It’s no secret that the historically low interest rates of 2020 helped fuel the mortgage market and housing industry in an otherwise turbulent year. With over $4 trillion in originations, loan officers had more business than they could handle. According to LBA Ware, the average loan officer handled $2.6 million in volume in the fourth quarter alone. Although purchase volume grew 71% annually, refinances skyrocketed with a 158% year-over-year increase, accounting for 51% of the total volume.
What does 2021 have in store for mortgage rates? According to Kelly Ann Zuccarelli, SVP, national builder and condominium program manager at Wells Fargo Home Mortgage, the projections are promising.
“The low-interest rate environment and robust refinance market is expected to continue in 2021, providing an opportunity for more homeowners to reduce interest costs or lower monthly payments on their current mortgages,” she says. “The first week of February, the weekly average mortgage rate for a 30-year fixed was at 2.73%, and rates have been trending below 3% since August. While rates are based on a number of factors that can sometimes be hard to predict, Freddie Mac is forecasting a low-rate environment for 2021 and even 2022 as the economy recovers.”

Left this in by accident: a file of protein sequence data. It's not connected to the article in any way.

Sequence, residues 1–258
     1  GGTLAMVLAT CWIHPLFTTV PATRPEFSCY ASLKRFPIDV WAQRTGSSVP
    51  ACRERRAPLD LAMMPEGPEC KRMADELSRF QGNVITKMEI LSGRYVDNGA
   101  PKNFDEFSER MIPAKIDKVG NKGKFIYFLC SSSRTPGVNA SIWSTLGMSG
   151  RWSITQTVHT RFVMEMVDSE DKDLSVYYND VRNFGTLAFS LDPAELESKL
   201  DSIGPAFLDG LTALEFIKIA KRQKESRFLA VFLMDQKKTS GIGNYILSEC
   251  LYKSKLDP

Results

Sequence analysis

Dave Macke, regional vice president, builder division at New American Funding, agrees. “All the major housing industry forecasts suggest that 2021 will be another great year for the housing business. The forecasts all project that refinances are going to come down somewhat from last year’s record-breaking level, but still be above where they were in 2019, thanks to continued low mortgage rates. The experts expect purchase originations to rise this year as more new homes come onto the market and as the shift in what consumers want from their home continues throughout the year.”
Although the overall housing outlook remains positive, Zuccarelli warns it’s important to be aware of potential pitfalls as both consumers and home builders navigate these uncharted waters.
“While the NAHB/Wells Fargo Housing Market Index shows builder confidence remains strong, builders are worried about uncertainty in the economy, the rate environment, and constraints facing the industry, including rising home prices and construction delays,” she says. “From a financing perspective, [builders are] looking to us for our extended mortgage rate lock program. They’re also looking to us to keep them educated on credit policy changes that could impact potential buyers. We’re focused on providing buyers of new construction the financing options they need.”
In the coming months, lenders and home builders alike will need to be nimble and ready to quickly pivot, should the market environment shift.